Skinny Blonde, a low-carb beer created by a drummer, a winemaker and an artist down under features a label with a classic pin-up girl illustration, named "Daisy", whose top disappears when the bottle warms up (i.e., is emptied).
Women's Forum Australia spokeswoman Melinda Tankard Reist (ironic name, btw) called the labels and campaign "demeaning, inappropriate and troubling".
Apparently, Australia does actually have an Alcohol Beverages Advertising Code, who recently upheld three separate complaints against the brewers, including using their Facebook page to promote underage drinking even before the label was released. Since that time, according to a somewhat-incomprehensible blog called Crikey, the "squiz-copping function" (whatever that means) of their web site, which also featured topless women, had been disabled and no further promotion of the heat-sensitive labels was made.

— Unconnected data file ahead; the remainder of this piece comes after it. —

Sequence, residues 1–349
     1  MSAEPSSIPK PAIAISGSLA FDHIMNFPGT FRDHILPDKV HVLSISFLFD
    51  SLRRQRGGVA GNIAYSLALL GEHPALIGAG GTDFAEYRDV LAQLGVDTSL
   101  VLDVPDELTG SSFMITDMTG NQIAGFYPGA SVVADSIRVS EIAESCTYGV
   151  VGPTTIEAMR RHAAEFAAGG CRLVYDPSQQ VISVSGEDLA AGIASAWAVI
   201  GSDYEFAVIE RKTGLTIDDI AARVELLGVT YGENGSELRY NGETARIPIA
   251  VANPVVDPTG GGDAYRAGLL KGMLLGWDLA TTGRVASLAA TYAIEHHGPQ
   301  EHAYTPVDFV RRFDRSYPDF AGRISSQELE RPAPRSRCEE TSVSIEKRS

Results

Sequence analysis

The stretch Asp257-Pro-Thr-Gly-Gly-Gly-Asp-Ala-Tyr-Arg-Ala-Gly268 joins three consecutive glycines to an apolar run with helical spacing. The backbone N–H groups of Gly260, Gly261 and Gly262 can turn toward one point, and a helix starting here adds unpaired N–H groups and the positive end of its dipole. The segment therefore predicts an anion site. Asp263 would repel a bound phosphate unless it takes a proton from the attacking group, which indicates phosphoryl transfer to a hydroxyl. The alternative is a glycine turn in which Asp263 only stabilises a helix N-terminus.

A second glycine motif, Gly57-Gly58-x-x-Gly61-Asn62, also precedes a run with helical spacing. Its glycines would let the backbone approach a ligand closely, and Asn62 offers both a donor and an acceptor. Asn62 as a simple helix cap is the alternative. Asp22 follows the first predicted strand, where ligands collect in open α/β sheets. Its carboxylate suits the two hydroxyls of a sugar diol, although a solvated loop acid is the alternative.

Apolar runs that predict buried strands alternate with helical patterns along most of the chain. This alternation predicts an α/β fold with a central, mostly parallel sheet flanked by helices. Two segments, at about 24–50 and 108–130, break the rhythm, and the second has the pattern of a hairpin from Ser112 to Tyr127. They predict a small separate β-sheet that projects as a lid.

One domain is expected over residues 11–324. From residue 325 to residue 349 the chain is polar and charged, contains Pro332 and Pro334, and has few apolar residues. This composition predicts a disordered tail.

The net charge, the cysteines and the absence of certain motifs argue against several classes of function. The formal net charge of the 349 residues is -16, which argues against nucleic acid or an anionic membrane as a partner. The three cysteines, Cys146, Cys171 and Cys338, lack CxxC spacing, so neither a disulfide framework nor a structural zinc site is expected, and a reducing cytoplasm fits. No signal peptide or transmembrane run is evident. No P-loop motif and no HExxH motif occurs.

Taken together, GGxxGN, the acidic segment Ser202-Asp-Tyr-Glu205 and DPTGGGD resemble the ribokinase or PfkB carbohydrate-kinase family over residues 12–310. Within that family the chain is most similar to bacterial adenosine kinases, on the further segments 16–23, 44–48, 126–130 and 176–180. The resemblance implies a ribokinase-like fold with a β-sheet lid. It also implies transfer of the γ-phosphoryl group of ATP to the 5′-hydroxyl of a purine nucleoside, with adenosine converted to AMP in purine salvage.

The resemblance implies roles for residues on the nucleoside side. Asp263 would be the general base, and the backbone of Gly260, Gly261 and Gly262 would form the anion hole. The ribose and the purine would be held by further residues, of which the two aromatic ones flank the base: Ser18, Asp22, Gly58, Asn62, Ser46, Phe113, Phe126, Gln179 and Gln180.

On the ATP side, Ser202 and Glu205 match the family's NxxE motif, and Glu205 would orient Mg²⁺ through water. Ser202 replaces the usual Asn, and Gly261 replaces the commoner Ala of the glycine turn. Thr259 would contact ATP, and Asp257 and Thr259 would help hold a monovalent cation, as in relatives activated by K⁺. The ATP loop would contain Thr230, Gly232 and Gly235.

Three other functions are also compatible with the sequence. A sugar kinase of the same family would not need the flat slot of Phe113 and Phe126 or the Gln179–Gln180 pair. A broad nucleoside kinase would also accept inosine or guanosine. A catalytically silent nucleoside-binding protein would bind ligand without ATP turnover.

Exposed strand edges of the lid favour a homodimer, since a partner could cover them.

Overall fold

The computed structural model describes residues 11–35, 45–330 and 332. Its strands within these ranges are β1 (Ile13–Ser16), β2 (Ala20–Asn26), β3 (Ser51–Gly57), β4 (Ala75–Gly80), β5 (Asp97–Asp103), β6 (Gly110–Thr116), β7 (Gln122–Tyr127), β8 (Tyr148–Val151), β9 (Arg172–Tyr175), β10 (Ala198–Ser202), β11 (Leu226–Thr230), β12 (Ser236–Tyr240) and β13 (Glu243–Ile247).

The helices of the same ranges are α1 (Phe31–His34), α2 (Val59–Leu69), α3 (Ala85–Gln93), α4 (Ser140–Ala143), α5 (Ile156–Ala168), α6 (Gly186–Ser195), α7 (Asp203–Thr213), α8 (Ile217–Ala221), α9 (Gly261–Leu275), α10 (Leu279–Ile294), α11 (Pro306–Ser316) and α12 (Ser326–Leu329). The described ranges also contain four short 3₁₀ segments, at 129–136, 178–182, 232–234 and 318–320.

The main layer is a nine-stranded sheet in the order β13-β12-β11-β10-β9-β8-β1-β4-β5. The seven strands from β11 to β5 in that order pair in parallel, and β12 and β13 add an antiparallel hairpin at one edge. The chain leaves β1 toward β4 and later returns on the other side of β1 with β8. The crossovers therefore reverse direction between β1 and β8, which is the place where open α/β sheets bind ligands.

So, is this just another example of shock advertising that misses the point of the product (i.e., is the beer any good without its gimmick)? Or is it "further proof that boobs can sell anything"?
Whatever the case, this domestic Aussie brand is spilling over into international media. Skinny Blonde proudly displays its press clippings on the home page, with an invitation to submit more.
But what can we expect from a rock 'n' roll beer? Brewer/Drummer Hamish Rosser of The Vines, countered, "The label and web site is in no way meant to offend women or anyone else, rather embrace the Australian beach culture."
Or as Nigel Tufnel of Spinal Tap more famously put it, "what's wrong with being sexy"?
Let's just hope Hamish doesn't end up drumming for the Tap.
UPDATE: I sent this blog to the Skinny Blonde site for comment, and Hamish wrote me right back. His comment?
Are Spinal Tap looking for a drummer?
I've always wanted to spontaneously combust in a flash of green light.
And here I was hoping he'd offer to send beer...